According to a recent article published in the New England Journal of Medicine, a laboratory test that can measure microRNA expression in a cell is able to distinguish between more and less aggressive types of chronic lymphocytic leukemia (CLL).
CLL is a cancer involving the lymph (immune) system, which includes lymph nodes, blood and blood vessels throughout the body, spleen, thymus, and tonsils. High quantities of this cancer are present throughout circulating blood and in bone marrow (spongy material inside large bones that produces blood-forming cells).
CLL is the most common form of adult leukemia, and the American Cancer Society estimates that approximately 8,000 people will be diagnosed with CLL this year. Currently, there are approximately 60,000 people in the US living with CLL.
CLL is characterized by the production of atypical lymphocytes. Lymphocytes are specialized immune cells that exist in two forms: B- and T-cells. These cells are produced in the bone marrow and each serves a specific function in fighting infection. The large majority of CLL cases involve mature B-lymphocytes that tend to live much longer than normal, accumulating in the blood, bone marrow, lymph nodes, and spleen. This results in overcrowding of these areas and suppression of the formation and function of blood and immune cells. Additionally, the cancerous lymphocytes themselves do not function normally, leading to a further decrease in the body’s ability to fight infection.
CLL is considered a slow-growing or low-grade cancer. However, some patients may have more rapidly growing and aggressive forms of CLL. Treatment for patients with less aggressive CLL can be withheld until the cancer starts producing symptoms or appears to be progressing more quickly. This type of therapeutic approach is called “watchful waiting”. Other treatment options for CLL can include chemotherapy (often including the agent Fludara), radiation therapy, biological therapy, and/or stem cell transplantation.
A few known variables are directly associated with prognosis of CLL; these include expressions of a protein referred to as ZAP-70 and a specific mutation within the IgVH gene. As researchers continue to evaluate specific associations, there is a new focus on genetic or protein expression and prognosis of CLL; information from these studies is intended to make treatment and monitoring more individualized. The ultimate goal is that every CLL patient will receive optimal treatment.
Researchers from several institutions recently conducted a trial to evaluate MicroRNA expression profiles within B cells and to determine if an association exists between these profiles and the nature of CLL (i.e. more aggressive vs. less aggressive). MicroRNA expression profiling is a laboratory test that determines the expression of small nucleotides (building blocks of DNA and RNA) in cells.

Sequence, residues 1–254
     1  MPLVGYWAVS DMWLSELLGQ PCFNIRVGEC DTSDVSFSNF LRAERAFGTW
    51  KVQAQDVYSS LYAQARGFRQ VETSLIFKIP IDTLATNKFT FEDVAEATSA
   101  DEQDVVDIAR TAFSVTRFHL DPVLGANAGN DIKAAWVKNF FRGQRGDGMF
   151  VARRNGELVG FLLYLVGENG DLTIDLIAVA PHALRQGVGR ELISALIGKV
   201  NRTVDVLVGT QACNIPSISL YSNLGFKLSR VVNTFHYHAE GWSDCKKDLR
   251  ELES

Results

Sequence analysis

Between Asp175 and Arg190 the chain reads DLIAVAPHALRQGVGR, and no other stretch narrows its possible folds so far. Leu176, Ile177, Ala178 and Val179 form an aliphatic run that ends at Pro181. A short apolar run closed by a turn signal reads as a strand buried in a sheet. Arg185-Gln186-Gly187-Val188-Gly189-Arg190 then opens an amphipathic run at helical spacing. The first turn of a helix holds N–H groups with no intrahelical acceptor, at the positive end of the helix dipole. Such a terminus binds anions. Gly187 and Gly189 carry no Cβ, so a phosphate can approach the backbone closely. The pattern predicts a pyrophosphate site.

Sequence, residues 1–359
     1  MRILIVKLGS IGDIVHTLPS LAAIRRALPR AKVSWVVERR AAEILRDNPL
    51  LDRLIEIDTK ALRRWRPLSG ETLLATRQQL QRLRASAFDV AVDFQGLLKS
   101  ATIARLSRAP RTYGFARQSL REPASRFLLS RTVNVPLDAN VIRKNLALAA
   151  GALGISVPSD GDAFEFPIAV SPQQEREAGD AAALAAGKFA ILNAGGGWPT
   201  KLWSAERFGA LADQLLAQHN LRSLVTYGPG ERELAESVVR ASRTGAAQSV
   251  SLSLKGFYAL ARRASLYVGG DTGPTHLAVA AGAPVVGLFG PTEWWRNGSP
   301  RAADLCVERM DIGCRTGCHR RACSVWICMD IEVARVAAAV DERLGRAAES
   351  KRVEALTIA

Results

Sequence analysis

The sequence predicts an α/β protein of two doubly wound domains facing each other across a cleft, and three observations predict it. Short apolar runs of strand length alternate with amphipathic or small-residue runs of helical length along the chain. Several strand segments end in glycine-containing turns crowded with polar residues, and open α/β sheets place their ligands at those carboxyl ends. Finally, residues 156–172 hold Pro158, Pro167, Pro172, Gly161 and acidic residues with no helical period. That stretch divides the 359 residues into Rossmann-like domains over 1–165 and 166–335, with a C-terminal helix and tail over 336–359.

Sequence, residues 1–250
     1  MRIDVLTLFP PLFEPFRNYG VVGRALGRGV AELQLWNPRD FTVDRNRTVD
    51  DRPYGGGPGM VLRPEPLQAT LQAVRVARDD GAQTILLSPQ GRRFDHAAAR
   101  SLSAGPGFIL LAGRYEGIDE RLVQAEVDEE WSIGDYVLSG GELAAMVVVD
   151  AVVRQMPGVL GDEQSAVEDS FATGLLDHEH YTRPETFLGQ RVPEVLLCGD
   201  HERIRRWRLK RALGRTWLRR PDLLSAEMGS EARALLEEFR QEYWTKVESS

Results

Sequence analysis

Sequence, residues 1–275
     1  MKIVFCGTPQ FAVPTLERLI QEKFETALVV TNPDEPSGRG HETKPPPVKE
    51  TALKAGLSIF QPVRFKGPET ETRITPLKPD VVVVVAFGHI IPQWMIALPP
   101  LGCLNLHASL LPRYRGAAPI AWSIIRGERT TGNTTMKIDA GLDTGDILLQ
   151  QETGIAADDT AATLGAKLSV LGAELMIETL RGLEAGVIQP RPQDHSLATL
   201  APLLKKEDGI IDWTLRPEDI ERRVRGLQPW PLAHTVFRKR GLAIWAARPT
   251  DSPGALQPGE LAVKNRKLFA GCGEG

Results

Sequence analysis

This study included 94 samples of CLL cells that underwent MicroRNA expression profiling. This profiling was evaluated in conjunction with disease characteristics of a patient, as well as known variables associated with prognosis such as ZAP-70 and IgVH gene mutations. Overall, a profile including 13 genes was highly associated with the clinical course of CLL:
- The microRNA signature identified was associated with low or high levels of ZAP-70 and with mutations within the IgVH gene.
- At approximately 5 years, about 50% of patients with more aggressive disease according to the microRNA signature were still having treatment withheld.
- Nearly 90% of patients with less aggressive disease according to the microRNA signature were still having treatment withheld at 5 years.
The researchers concluded that MicroRNA expression profiling, including the 13-gene profile identified in this study, may provide important prognostic information for patients with CLL. Although further testing is necessary to confirm the clinical importance of these results, the information provides further evidence that genetic differences of cancer cells between patients may ultimately contribute to the individualization of treatment.
Reference: Calin G, Ferracin M, Cimmino A, et al. A MicroRNA Signature Associated with Prognosis and Progression in Chronic Lymphocytic Leukemia. New England Journal of Medicine. 2005; 353:1793-1801.